Two kinds of organizations compose the gay liberation movement. A minority of groups conduct public protest actions for civil rights for gays — the most advanced and politically conscious groups. A broader range of groups are socially oriented — homophile associations and gay community centers which provide services for gays, and opportunities for gays to meet one another. There are also gay churches in several Canadian cities.
The gay liberation movement has attained a considerable level of organization and cross-country coordination. This is largely due to the leadership of the action oriented groups, which have launched a number of civil rights and defense campaigns and have succeeded to some extent, in involving a broader range of gay organizations however reluctantly on their part.
Some of these activities include: actions in opposition to the federal government Green Paper on immigration; the organization of several gay pride marches in different cities; pickets protesting censorship of gay publications and advertisements; campaigns in several provinces demanding protection for homosexuals under provincial human rights acts; and two important campaigns protesting job discrimination, the cases of Doug Wilson in Saskatchewan and John Damien in Ontario.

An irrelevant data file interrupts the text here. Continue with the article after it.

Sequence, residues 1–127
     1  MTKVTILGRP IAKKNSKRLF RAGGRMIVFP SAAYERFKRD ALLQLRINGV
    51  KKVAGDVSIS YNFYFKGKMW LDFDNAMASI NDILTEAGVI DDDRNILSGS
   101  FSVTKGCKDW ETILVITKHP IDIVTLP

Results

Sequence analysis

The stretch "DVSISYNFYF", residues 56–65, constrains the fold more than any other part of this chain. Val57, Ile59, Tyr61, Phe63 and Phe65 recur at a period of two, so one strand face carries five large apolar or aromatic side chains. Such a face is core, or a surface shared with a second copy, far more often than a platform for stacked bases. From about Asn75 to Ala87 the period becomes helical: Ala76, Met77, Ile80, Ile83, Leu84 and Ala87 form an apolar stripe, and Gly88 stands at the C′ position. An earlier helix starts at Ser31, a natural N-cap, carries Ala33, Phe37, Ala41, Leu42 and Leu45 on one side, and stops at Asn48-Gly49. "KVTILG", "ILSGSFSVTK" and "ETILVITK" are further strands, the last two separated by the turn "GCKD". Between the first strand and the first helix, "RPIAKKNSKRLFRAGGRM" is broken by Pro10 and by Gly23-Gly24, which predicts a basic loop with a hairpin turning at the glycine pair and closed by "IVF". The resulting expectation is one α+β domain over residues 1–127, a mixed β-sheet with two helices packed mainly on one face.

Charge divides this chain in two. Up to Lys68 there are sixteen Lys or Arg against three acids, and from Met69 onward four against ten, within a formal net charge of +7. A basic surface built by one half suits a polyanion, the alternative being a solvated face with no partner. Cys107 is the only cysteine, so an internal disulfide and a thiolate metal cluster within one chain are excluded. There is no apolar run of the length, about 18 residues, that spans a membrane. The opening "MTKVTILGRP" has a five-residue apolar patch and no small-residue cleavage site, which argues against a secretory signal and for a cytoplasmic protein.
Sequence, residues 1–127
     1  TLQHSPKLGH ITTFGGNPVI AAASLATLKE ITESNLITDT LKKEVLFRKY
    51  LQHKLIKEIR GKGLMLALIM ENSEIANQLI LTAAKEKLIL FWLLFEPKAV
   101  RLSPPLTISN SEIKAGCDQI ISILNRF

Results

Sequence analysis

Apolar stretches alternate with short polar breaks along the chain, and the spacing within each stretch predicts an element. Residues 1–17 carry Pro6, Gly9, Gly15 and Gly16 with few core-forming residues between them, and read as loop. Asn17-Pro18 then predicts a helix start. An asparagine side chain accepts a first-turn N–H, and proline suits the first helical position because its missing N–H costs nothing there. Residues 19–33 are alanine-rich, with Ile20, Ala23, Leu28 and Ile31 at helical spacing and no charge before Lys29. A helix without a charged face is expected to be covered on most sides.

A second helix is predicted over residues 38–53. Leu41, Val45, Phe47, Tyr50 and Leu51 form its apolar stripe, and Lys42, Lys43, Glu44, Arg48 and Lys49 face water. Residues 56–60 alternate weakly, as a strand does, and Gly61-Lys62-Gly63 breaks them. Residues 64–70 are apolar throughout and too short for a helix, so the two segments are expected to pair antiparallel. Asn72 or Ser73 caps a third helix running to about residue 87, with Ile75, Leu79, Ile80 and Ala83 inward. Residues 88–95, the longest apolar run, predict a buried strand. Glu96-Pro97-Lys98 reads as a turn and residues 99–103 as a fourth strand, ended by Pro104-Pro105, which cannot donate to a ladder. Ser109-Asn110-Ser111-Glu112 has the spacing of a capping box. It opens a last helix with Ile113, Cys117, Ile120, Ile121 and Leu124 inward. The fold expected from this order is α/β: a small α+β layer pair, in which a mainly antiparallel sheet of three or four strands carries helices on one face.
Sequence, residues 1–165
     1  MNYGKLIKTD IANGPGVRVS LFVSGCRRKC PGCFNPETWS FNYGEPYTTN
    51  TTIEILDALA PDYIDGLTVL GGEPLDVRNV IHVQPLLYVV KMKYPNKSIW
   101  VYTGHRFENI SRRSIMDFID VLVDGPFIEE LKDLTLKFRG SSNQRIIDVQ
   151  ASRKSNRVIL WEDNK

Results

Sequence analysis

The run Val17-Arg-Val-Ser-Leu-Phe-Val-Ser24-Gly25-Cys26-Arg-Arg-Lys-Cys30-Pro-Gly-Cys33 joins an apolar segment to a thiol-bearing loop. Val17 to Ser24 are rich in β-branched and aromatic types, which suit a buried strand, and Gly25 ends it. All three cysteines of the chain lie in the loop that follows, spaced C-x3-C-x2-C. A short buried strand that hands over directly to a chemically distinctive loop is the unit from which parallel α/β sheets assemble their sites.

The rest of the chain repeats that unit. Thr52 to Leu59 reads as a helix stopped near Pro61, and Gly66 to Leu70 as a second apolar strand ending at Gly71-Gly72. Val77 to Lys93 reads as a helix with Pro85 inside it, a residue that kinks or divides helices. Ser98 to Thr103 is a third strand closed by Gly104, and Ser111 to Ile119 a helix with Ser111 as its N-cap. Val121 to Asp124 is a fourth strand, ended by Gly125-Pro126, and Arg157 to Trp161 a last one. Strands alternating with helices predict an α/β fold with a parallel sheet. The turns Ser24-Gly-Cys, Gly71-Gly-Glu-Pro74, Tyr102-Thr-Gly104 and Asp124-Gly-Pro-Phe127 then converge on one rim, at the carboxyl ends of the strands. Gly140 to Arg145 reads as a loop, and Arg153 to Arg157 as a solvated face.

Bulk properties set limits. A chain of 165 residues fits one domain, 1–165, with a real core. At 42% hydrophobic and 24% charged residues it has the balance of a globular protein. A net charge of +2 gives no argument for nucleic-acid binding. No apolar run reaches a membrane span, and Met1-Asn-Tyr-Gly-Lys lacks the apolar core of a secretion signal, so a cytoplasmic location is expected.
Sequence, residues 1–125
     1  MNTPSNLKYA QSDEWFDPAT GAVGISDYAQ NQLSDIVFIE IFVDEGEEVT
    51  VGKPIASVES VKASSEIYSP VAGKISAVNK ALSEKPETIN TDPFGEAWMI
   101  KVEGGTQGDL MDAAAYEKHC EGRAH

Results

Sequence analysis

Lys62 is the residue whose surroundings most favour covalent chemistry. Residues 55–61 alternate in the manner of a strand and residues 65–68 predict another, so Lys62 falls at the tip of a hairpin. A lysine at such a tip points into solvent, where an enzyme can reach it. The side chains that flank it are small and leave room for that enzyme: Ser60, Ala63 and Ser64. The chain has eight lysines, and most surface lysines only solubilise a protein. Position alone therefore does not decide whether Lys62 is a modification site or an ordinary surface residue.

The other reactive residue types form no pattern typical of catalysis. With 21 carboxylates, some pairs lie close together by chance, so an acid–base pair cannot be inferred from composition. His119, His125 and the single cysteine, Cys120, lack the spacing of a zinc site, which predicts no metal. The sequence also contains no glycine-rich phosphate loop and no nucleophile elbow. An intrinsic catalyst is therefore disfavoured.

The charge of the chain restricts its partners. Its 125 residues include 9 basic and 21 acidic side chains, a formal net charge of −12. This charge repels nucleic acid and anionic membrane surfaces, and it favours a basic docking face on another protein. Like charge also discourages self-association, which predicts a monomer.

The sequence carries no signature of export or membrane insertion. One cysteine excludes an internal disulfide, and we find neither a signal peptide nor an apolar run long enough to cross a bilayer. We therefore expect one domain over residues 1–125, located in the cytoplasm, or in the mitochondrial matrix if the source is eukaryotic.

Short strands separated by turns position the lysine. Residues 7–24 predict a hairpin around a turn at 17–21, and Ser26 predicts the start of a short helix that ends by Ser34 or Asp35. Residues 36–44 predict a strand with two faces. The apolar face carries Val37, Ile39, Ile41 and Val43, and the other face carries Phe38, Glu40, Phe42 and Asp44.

Three cross-Canada conferences of the organized gay liberation movement have now been held.
The year 1975 saw the establishment of the National Gay Rights Coalition, a cross-country organization representing the overwhelming majority of organized gay groups in the country. It is defined as a civil rights organization with two main objectives: the removal of all federal legislation discriminating against gays, and the implementation of legislation guaranteeing full civil rights for gays.
These are promising developments. Groups favoring political action have carried out a number of excellent campaigns, and laid the basis for a cross-country movement, achieving a good deal of unity around these initiatives. Experience will show whether this direction is maintained and whether the action-oriented leadership that has promoted it continues to develop.